Strong freight rates were the norm for refrigerated trucks last summer and the trend in September showed continued strength. Big demand for refrigerated trucks should continue into 2022, according to the latest analysis from DAT.
Spot and contract truckload rates hit new highs in September, DAT reported, as shippers dealt with historic surges of freight, constraints on equipment and drivers and an early start to the peak holiday shipping season.
“The dog days of summer for freight did not materialize this year, DAT Chief Scientist Chris Caplice said in a news release. “Instead, the combination of strong consumer demand, new and evolving supply chain bottlenecks and early proactive shipping for the holiday season kept demand for capacity at record highs.”
Caplice said DAT expects truckload pricing to remain elevated into the first quarter of 2022 and for a market correction to occur sometime in the first or second quarter.
“This ‘correction’ will likely not be a ‘freight recession’ marked by consecutive quarters of decreased volumes and overcapacity, but a return to typical growth rates as shippers and carriers across all modes adjust to changes in consumer behavior, product distribution patterns and the effects of COVID-19 on the global economy,” Caplice said in the release.
The DAT Truckload Volume Index was 229 in September, down 1% compared to August and the highest for any September on record, according to the news release. The Index is an aggregated measure of dry van, refrigerated (“reefer”) and flatbed loads moved by truckload carriers each month. A decline of 7% to 10% is more typical from August to September.
“Businesses are shipping early and, where possible, by truck in order to make sure they have inventory, but this means using the spot market or higher-priced carriers to cover their loads,” Ken Adamo, DAT Chief of Analytics, said in the release. “If you’re accustomed to having the right truck in the right place at the right price, you can have one or two of those things but probably not all three.”
The national average rate for van freight on the DAT One load board network increased 9 cents to $2.85 per mile (including a fuel surcharge), the fifth time the van rate has set a new monthly high this year, according to the release. By comparison, the rate averaged $2.37 a mile in September 2020.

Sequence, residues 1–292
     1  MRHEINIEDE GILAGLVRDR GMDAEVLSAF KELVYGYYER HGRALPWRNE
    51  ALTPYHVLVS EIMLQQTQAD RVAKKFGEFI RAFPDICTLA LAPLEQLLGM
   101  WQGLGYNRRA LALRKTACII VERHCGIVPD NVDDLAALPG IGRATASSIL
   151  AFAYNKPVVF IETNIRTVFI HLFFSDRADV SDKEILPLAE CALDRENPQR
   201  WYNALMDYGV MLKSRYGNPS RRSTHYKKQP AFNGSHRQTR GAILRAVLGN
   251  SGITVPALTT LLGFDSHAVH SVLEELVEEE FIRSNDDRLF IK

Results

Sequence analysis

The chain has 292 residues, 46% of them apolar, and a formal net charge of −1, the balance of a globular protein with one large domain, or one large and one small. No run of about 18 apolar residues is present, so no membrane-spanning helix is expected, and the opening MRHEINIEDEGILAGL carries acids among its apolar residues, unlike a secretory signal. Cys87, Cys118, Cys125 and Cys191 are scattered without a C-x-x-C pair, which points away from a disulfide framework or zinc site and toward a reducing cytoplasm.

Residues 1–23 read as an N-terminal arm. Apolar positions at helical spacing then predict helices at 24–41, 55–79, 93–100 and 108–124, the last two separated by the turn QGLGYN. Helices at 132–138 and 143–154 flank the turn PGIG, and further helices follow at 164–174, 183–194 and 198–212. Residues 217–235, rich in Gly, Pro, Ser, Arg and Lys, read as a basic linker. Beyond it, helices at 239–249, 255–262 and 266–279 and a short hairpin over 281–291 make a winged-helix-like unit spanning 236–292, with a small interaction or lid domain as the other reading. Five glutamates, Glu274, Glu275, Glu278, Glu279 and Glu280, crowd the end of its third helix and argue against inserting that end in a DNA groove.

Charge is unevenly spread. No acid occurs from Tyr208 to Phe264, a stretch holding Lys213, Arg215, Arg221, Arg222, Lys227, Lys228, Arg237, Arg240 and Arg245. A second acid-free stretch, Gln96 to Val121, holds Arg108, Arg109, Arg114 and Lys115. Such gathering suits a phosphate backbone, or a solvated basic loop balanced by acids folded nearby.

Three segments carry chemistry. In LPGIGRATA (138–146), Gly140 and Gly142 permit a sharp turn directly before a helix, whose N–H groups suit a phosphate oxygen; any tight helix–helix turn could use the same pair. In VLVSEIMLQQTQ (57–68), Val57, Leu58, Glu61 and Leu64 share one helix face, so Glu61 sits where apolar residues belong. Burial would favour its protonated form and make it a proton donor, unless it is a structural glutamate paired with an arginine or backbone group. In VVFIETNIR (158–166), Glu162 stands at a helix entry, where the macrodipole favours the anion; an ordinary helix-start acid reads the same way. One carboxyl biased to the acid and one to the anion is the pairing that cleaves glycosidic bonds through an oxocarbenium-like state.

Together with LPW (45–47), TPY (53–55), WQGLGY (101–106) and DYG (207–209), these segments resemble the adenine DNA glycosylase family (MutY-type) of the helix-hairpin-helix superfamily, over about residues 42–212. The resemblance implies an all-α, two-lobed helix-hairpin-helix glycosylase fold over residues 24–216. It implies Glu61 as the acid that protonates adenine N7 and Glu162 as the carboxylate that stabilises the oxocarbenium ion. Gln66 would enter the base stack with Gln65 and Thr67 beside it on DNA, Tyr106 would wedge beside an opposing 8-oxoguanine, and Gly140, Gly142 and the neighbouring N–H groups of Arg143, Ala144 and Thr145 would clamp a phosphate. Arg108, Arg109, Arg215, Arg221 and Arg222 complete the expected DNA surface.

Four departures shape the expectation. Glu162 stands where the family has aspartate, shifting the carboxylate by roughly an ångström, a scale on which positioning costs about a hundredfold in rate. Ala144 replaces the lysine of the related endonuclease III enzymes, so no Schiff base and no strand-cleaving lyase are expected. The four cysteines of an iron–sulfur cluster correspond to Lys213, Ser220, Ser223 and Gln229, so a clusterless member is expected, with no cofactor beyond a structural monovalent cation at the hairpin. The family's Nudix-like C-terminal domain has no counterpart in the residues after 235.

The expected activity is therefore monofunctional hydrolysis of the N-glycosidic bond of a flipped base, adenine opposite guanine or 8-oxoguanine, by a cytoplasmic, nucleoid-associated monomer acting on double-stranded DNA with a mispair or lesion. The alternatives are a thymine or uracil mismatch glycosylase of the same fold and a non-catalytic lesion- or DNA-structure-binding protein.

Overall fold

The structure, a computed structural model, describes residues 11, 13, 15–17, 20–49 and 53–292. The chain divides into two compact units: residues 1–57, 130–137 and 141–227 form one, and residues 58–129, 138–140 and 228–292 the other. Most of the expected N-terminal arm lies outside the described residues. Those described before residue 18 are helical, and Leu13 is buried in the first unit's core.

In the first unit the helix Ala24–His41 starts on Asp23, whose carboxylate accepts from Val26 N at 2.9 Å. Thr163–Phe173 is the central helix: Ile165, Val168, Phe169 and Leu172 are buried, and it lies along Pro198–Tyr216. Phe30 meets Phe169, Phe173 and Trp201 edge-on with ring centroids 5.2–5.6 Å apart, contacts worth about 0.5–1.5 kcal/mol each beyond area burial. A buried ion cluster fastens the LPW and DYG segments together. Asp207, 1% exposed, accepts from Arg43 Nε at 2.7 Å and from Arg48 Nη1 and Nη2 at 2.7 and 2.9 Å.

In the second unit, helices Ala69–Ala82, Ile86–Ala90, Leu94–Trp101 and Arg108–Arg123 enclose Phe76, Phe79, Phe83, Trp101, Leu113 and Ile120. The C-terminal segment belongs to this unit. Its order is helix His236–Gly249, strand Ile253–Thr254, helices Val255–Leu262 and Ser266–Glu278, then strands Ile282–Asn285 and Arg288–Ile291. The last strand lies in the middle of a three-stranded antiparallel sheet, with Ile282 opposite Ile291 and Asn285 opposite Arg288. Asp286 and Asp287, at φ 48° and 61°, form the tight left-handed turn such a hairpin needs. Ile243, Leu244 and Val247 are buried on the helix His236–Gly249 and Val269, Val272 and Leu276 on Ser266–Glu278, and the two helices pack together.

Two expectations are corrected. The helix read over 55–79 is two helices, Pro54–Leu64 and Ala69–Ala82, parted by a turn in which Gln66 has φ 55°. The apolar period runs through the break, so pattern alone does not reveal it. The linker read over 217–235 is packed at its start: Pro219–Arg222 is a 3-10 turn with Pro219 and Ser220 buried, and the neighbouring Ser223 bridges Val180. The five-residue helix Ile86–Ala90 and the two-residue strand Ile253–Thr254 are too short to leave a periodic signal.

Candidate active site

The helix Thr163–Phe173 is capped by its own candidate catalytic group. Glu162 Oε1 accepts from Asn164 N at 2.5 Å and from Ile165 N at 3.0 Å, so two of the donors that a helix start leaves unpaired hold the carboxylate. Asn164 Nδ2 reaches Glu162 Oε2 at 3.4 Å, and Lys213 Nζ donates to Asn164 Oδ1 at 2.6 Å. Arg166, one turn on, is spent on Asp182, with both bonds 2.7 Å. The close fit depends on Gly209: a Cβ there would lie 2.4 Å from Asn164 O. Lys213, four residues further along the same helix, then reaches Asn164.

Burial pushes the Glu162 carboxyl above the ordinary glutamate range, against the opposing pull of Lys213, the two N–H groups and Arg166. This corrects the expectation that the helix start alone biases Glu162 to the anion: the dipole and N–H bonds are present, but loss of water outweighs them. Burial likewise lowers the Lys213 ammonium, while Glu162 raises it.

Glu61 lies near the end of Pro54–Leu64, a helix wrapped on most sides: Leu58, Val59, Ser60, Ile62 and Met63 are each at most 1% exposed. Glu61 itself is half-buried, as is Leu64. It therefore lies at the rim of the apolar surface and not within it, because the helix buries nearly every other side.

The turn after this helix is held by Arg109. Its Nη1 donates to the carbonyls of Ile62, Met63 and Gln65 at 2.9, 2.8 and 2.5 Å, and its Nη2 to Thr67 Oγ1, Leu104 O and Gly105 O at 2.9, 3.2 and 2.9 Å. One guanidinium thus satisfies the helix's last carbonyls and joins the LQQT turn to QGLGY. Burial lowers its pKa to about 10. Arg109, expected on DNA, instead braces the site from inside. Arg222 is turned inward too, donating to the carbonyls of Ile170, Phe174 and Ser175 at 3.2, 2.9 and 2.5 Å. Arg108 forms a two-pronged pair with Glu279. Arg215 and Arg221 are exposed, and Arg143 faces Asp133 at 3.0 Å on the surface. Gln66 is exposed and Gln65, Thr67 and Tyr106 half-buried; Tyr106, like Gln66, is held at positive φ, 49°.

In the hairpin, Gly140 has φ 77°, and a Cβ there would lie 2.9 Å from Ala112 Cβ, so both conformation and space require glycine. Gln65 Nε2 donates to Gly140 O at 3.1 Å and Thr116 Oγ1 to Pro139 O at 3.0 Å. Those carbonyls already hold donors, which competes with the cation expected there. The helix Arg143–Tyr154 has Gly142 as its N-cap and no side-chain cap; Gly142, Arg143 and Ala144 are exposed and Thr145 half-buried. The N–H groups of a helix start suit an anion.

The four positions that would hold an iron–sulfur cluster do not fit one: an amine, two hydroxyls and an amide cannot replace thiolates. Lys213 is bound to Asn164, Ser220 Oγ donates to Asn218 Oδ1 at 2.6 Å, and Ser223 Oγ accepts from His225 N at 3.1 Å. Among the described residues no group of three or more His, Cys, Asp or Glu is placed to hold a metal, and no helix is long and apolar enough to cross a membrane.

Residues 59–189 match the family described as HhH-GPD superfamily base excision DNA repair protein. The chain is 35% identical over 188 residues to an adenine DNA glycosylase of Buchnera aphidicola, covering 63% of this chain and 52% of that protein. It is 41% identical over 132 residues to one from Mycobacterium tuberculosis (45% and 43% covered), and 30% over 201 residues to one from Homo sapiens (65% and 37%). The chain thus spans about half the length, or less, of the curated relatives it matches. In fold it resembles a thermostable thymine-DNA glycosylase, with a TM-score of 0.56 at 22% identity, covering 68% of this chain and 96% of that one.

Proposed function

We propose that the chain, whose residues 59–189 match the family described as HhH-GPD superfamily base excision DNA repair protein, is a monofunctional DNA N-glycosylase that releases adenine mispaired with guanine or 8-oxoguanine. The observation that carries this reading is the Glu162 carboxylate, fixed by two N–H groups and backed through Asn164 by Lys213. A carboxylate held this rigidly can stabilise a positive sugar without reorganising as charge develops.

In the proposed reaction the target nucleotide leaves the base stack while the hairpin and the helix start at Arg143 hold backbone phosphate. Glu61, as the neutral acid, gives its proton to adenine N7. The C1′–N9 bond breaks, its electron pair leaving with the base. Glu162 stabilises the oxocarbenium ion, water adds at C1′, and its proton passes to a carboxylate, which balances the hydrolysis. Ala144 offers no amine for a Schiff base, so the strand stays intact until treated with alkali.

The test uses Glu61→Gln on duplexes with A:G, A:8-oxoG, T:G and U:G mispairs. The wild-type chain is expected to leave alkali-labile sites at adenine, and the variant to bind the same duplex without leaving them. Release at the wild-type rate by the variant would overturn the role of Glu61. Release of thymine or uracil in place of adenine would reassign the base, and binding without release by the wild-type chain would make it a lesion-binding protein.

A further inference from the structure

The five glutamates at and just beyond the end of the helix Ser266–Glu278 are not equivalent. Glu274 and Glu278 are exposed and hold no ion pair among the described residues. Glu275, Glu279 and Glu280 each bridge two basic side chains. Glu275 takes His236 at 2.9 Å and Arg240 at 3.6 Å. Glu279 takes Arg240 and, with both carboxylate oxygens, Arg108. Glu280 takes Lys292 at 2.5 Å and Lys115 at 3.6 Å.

At $3.25 per mile, the national average spot reefer rate was up 10 cents compared to August and was 68 cents higher year over year. The spot flatbed rate averaged $3.09 a mile, up 1 cent month over month, according to the release.
The number of loads posted to the DAT network fell 1.5% in September, according to the release, while truck posts decreased 4.5%. The national average van load-to-truck ratio was 6.3, meaning there were 6.3 loads for every van posted to the DAT network, down from 6.5 in August. The ratio was 5.4 in September 2020.
The reefer load-to-truck ratio dropped from 14.9 in August to 13.5, in line with seasonal declines in agricultural production. The flatbed ratio, DAT reported, climbed from 44.1 to 47.9, driven by single-family home construction, an increase in oil and gas activity and recovery efforts following Hurricane Ida.
DAT reported the national average contract van rate was $2.85 per mile, up 3 cents compared to August and equal to the national average spot van rate. The contract reefer rate was $2.97 per mile, also up 3 cents month over month, while the average contract flatbed rate was unchanged at $3.30 per mile.
The national average price of on-highway diesel rose 3 cents to $3.38 a gallon, increasing for the sixth straight month. The spot and contract rates reported here include a fuel surcharge, which was 36 cents per mile for van freight in September. That’s 17 cents more than it was in September 2020.